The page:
I love my job.
My research projects let me share my passions with the world and my service obligations let me do my small part to improve my university and help it to prepare for the future.
But teaching is what lead me to this job in the first place.
My grandmother on my father’s side was a high school Latin teacher for thirty years. She always encouraged me to stretch my thinking muscles, but she also let me in on what it meant to be the leader of a classroom. She let me help her grade tests and accompany her to the Illinois Classical Conference, an amazing, immersive event for students that included graphic arts showcases, creative writing, oratory, costume contests, and a Roman Banquet in addition to academic testing.
My grandmother, Henrietta Davis, receiving a flower at the Illinois Classical Conference in 2002 after she was retired.
I was already a teacher’s pet, so the idea of having a career where I could attend these types of events forever, even as a grownup, was appealing.
However, I discovered that my training as a graduate student was hardly aimed at preparing me to lead a classroom. My first semester as a Master’s student, I was given a 2 day “orientation” during which I had to bang out a syllabus and then I immediately started teaching a course that I had never even taken as an undergrad (because I had tested out of the introductory writing requirement). To be fair, we also participated in a Rhetoric Pedagogy Practicum course during that first semester, but often the tactics we learned in that course were introduced too late to be integrated effectively into those first classes. Looking back, I feel terrible for those students who were my defacto guinea pigs. I would have liked to have more hands-on training (perhaps serving as a TA or a discussion leader?) before being put in sole control of creating and executing an entire course. But I am also grateful that the University of Illinois got me started teaching right away. That meant I had tens of classes under my belt before I ever even started applying for tenure track jobs and I had some ideas about what kinds of teaching personas worked and didn’t work for me.
For example, I had a teacher in graduate school, Professor Fiona Ngô, who terrified me, but in a good way. She had a short, spiky hair and she always wore a well-tailored suit to class. She called everyone “Mr. or Ms. Last Name” and she expected us to take control over the course material and begin teaching it to one another in detail immediately. She asked pointed questions and expected insightful answers. She scared the absolute shit out of me. I read more thoroughly and carefully for her class than I have for any other class I have ever taken in my life. Getting through her class felt like an accomplishment, and I know that I developed important habits under her watch that have served me well since. I vowed that I would run my classrooms the way she did from that moment forward.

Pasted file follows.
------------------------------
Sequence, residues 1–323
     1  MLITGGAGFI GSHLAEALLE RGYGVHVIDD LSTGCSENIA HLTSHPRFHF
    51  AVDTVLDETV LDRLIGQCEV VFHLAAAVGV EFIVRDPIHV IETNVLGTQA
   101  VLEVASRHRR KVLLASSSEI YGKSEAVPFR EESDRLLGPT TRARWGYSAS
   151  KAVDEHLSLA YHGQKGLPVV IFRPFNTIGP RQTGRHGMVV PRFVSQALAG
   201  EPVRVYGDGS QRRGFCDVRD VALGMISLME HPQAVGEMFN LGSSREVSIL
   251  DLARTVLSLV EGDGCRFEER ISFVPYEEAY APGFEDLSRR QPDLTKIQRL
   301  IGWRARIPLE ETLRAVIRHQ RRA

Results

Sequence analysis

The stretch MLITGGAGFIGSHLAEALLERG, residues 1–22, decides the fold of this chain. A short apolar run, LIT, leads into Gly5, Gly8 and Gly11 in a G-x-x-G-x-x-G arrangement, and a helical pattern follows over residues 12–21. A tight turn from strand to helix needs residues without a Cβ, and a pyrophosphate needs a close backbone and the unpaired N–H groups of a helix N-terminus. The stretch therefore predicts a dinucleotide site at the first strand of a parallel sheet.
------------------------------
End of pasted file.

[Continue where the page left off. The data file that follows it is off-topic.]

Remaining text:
But… I couldn’t.
My natural personality is anything but “severe.” It is more something that falls between “irreverent” and “goofy.” I felt like I was acting when I tried to cultivate that stern teaching persona (because I was), and my students knew it and so they pushed back hard against it. I realized that I was much more suited to a teaching persona akin to Bill Nye the Science Guy or Mr. Wizard or Beakman from Beakman’s World: an enthusiastic geek who can’t wait to show you all of the cool stuff she has been working on and wants to invite you into the lab so you can do something cool of your own.
If I could walk into class everyday to this theme song, I would.
This one would also be acceptable.
Okay this one is just nuts. And does Beakman look like Dr. Clayton Forrester to anyone else??
I started building my course materials and assignments and even my syllabus policies around this persona and found great personal happiness as well as greater student engagement (as can be measured by problematic mechanisms like student evaluations but also in the form of students who took classroom projects and used them to apply for conferences and scholarships or tried to get them published).
At any rate, I worked on developing this teaching persona throughout graduate school and I was excited to discover that my current employer, Stephen F. Austin State University, values teacher training and pedagogical experimentation and support as much as I do. They have an amazing Center for Teaching and Learning where professors can go for professional development to learn things like how to better foster collaborative learning environments or how to make course materials more accessible.
One of the best events they put on, in my opinion, is their Teaching Showcase, where ten scholars from all across the university come together to share their favorite pedagogical techniques in micro-talk form. You only get five minutes to share, so it is fairly easy to prepare and casual in tone and you can get ten good ideas to take home with you in under an hour!
You can find footage from the talks here (I was lucky enough to be invited to present on how to get students to attend office hours, as was a graduate student in the English department, Jennifer McLaughlin, whose talk on how to use Tumblr in the classroom inspired me to tweak some of my own projects that use Twitter and Twine).
But the real point of this post, I think, is to push other teachers to introduce similar events at their school (be it a grade school, a high school, a community college, or a university). As a first year tenure track professor, I found the supportive environment that such events provide to be a great way to integrate myself into the scholarly community and to hopefully live up to my grandmother’s legacy.